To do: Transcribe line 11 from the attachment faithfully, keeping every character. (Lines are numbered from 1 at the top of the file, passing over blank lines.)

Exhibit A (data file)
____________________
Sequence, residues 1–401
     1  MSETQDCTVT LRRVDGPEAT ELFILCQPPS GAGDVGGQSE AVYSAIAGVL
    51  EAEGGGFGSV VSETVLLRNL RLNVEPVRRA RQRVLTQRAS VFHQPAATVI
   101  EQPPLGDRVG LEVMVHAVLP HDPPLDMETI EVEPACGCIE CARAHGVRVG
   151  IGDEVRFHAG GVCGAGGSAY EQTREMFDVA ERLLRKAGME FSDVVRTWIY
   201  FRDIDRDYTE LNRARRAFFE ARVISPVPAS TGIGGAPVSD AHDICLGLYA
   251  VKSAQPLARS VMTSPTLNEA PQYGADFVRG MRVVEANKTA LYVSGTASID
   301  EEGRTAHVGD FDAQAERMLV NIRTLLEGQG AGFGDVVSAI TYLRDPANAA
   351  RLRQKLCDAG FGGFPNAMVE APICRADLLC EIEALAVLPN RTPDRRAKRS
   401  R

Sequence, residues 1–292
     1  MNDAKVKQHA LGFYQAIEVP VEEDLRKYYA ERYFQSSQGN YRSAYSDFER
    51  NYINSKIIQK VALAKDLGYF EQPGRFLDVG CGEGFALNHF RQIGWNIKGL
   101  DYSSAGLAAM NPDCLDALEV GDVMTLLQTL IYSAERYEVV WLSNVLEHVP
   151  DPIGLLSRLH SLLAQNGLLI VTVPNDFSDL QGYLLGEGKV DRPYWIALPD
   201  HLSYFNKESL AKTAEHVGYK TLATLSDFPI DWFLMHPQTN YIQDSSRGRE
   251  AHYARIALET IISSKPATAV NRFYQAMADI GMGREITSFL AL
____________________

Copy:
Sequence, residues 1–292